Check that. While Rams effortlessly holds our attention throughout, it doesn’t evince either ambition or brilliance. The ending, however, elevates the film to the level of a Nordic myth. Regardless how you choose to interpret the final shot, any reading has to encompass the primal force at the center of a family. All the plodding, matter-of-fact detail is vaporized in the fire of ice that conjoins Gummi and Kiddi for eternity. Or, perhaps, ’til morning. Either way, pair Rams with Bruce Sinofsky and Joe Berlinger’s 1992 documentary, Brother’s Keeper, the perfectly discomfiting fraternal double bill.


fox, michaelMichael Fox is a longtime film critic, journalist and teacher. He also curates and hosts the Friday night CinemaLit film series at the Mechanics Institute in downtown San Francisco.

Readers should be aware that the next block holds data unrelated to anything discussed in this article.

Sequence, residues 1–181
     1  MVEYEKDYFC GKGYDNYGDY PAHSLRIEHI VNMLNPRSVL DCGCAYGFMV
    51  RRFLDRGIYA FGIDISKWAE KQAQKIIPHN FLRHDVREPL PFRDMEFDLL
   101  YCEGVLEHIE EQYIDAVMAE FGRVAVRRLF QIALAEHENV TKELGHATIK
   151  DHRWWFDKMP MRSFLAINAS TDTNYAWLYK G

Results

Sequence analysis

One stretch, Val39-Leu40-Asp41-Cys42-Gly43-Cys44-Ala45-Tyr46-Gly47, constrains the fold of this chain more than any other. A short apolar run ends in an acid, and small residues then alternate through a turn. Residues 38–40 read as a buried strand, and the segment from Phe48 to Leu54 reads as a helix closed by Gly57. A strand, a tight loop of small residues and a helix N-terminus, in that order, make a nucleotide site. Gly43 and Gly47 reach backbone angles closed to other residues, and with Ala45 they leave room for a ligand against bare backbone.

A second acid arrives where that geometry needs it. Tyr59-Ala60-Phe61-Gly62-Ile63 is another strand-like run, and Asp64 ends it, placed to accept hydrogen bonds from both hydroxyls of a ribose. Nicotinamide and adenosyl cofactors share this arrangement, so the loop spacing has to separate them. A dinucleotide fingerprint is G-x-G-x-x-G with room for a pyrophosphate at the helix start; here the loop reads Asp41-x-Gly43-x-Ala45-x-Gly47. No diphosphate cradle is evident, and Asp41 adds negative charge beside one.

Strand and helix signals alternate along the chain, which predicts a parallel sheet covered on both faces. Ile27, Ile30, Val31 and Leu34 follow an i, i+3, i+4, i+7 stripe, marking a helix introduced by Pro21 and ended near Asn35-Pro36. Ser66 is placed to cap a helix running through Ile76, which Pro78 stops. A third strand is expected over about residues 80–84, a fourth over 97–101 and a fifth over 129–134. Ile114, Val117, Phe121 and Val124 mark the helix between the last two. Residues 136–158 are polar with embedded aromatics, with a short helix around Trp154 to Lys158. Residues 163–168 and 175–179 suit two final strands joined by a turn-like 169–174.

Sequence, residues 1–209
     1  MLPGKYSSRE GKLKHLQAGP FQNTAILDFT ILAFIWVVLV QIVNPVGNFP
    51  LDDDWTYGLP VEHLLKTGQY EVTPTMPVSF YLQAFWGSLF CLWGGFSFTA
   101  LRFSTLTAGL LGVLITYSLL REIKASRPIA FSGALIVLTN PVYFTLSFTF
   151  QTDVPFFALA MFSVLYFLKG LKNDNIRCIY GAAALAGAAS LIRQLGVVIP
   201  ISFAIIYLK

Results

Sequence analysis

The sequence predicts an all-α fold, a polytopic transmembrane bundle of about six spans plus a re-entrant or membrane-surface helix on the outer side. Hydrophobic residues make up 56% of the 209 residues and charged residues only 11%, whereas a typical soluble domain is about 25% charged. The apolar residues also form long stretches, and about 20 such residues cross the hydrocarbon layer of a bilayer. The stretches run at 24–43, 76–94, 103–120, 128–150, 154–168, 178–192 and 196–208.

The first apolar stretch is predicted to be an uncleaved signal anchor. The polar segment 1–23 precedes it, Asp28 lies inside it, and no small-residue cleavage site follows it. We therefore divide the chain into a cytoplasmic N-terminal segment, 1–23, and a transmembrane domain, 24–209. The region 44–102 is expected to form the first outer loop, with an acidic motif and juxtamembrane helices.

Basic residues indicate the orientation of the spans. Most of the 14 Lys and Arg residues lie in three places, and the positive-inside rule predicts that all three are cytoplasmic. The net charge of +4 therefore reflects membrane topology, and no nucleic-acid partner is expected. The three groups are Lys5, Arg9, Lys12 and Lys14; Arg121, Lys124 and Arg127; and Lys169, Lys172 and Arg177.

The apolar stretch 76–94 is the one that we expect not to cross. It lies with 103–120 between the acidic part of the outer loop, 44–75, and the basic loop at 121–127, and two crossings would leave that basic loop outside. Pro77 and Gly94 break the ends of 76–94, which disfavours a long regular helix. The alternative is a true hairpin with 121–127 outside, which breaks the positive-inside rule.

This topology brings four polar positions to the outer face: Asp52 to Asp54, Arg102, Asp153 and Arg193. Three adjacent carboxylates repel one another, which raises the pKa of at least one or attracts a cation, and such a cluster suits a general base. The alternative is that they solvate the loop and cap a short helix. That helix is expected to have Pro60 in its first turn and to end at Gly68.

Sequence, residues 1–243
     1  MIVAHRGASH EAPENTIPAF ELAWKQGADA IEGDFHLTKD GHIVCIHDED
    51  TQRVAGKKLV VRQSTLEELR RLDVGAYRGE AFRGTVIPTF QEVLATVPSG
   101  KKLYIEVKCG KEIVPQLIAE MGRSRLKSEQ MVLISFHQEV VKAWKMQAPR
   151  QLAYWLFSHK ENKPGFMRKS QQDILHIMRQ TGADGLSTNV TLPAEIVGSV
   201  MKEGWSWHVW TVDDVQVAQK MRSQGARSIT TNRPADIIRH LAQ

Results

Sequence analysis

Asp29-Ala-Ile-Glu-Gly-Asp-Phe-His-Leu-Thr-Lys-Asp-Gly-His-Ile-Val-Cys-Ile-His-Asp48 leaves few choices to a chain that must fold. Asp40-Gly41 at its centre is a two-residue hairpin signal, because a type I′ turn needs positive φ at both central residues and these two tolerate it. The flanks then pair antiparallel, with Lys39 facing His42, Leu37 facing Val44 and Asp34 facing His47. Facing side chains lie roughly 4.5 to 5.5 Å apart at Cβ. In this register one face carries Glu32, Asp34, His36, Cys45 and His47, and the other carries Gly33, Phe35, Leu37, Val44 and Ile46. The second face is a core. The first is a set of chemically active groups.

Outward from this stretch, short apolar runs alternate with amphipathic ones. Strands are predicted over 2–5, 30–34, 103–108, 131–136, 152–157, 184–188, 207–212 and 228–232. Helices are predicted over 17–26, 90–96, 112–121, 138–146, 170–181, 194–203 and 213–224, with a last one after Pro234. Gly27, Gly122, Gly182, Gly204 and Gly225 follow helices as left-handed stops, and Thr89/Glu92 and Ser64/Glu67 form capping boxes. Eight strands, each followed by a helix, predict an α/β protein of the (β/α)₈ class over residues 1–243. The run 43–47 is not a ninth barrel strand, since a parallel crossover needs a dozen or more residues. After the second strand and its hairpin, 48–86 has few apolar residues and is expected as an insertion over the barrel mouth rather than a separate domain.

ramsart2ramsart1RAMS a triumph of Icelandic cinema

by Dennis Harvey

Iceland has a total population of 330,000 (considerably outnumbered these days by its annual tourist influx), so you might expect it wouldn’t have much of a film industry. And for much of that medium’s history, you would have been right. But in recent decades Icelandic movies have begun to make a name for themselves internationally, with groundbreaking successes from now-leading directors like Fridrik Por Fridriksson (1991’s Children of Nature) and Baltasar Kormakur (2001’s 101 Reykjavik).